NPR logo

Letters

  • Download
  • <iframe src="https://www.npr.org/player/embed/5366148/5366149" width="100%" height="290" frameborder="0" scrolling="no" title="NPR embedded audio player">
  • Transcript
Letters

From Our Listeners

Letters

Letters

  • Download
  • <iframe src="https://www.npr.org/player/embed/5366148/5366149" width="100%" height="290" frameborder="0" scrolling="no" title="NPR embedded audio player">
  • Transcript

Ed Gordon reads listener e-mails and other messages about recent stories heard on News & Notes.

ED GORDON, host:

And now on to our listener feedback. Each week we go through letters and voicemails to get your take on stories we've covered on NEWS AND NOTES.

Jasmine Marks(ph), of Charlotte, North Carolina, weighed in on the sexual assault charges that have been levied against two Duke University Lacrosse players. Marks thinks it's the culture of college sports and the special treatment afforded athletes that's at the heart of the problem at Duke and other college athletic programs. She left us this voicemail.

Ms. JASMINE MARKS (Charlotte, North Carolina): Whether they think about it or not, it'll put them in a, like a, I guess a subconscious mindset of, I'm going to go to this school, I'm going to play these sports. And because I'm so good at whatever it is I'm doing, I'm going to get with it is I want. If I mess up, somebody will fix it. I think it's just a sports thing, period. Not even, you know just simply what's going on there. I think it's going on everywhere. And just because this is a big school, and because it happens to be an interracial thing, is why this is blowing up.

GORDON: Several listeners responded to a Roundtable discussion about a fraternity hazing incident at a Florida college. Listener Jerry Dupree(ph), of Washington, D.C., though the discussion lacked balance. He wrote:

I always enjoy the Roundtable discussion on NEWS AND NOTES. The discussion on 19 April regarding hazing and pledging was very provocative. I agreed with most of the points provided by the panel members. However, the opinions lacked credibility because not one of the panel members were themselves a member of a fraternity or sorority, or at least would not admit it. Having a panel member who is in fact, a Greek, would have validated some of the obviously biased opinions. As a fraternity member of an HBCU, I want to adamantly state that I am not in favor of hazing, and agreed with part of the discussion; however, some of the other off-hand comments about pledging and branding, et cetera, were inappropriate and, more to the point, incorrect. Your panel provided the reasons for not joining a Greek organization. Next time, have someone step up to represent the other side.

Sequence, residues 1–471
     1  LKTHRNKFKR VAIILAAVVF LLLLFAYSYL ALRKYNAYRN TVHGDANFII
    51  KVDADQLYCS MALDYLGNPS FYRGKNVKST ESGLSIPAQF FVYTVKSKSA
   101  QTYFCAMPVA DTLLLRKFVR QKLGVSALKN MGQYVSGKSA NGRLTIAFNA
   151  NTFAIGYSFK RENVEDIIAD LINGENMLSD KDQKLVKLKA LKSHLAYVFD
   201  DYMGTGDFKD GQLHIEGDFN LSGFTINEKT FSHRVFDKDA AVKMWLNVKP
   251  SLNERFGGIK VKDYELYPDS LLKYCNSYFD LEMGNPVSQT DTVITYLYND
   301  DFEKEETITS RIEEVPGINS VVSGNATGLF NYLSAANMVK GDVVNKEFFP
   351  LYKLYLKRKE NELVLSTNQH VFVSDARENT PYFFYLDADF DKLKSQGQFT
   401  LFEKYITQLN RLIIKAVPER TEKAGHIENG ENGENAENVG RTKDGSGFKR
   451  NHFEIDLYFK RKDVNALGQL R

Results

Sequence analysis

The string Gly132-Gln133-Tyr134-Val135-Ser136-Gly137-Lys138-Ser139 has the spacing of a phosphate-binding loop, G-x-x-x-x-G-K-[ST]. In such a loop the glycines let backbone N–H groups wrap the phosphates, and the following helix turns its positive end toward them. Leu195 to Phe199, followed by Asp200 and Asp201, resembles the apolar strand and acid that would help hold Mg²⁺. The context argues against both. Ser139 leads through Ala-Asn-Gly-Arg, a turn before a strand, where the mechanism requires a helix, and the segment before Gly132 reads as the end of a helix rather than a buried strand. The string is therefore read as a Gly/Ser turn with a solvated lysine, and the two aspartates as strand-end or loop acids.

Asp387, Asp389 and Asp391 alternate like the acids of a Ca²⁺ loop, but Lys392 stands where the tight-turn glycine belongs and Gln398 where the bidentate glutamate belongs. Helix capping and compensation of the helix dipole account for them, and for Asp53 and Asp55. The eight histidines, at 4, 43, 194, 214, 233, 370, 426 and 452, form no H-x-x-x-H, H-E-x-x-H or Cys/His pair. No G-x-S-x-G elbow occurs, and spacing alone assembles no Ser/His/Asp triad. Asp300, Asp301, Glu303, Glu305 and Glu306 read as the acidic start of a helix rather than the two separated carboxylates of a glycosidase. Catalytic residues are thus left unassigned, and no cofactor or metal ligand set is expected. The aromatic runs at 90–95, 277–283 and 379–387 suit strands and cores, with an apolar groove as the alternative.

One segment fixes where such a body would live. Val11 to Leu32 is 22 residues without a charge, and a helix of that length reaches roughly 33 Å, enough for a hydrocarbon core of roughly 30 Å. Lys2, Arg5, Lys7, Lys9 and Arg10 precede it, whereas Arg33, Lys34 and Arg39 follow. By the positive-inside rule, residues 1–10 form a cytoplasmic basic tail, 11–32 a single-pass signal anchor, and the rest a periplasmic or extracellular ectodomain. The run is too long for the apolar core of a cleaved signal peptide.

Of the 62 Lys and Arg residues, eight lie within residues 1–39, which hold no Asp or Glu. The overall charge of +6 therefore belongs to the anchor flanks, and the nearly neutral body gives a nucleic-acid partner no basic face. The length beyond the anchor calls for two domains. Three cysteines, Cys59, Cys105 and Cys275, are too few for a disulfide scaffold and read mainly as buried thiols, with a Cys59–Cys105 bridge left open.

GORDON: Joy Gregstadt(ph), of Sandusky, Ohio, called in to comment on a Roundtable discussion about mudslinging between black politicians; some of whom accused their opponents of not being black enough. Here's what she had to say.

Ms. JOY GREGSTADT (Sandusky, Ohio): I think one thing that the African-American community does that is a disservice to itself, is identifying its candidates or office-holders as black or African-American candidates. Because, when you really think about it, once that person would be elected, he should be representative of his entire constituency. And by identifying black candidates or black issues, you are excluding a large part of the society that, I think, is your intention to become one with. And in a lot of ways I think the black community, by identifying itself as such, makes it very difficult for whites not to feel excluded. I think that if there were black candidates that came up and addressed issues that were important to their entire constituency, black, white, poor, middle-class, wealthy, education; those are not confined to any one community. And I think black politicians would find more success with a wide variety of voters if they would concentrate on the issues and leave race out it.

GORDON: We appreciate all of your comments, good or bad. We want to hear from you, so please keep them coming. You can call us at 202-408, 3330; that's 202-408-3330.

Or you can e-mail us. Log on to npr.org and click on, Contact Us. And please be sure to tell us where you're writing from and how to pronounce your name.

This is NPR News.

Copyright © 2006 NPR. All rights reserved. Visit our website terms of use and permissions pages at www.npr.org for further information.

NPR transcripts are created on a rush deadline by Verb8tm, Inc., an NPR contractor, and produced using a proprietary transcription process developed with NPR. This text may not be in its final form and may be updated or revised in the future. Accuracy and availability may vary. The authoritative record of NPR’s programming is the audio record.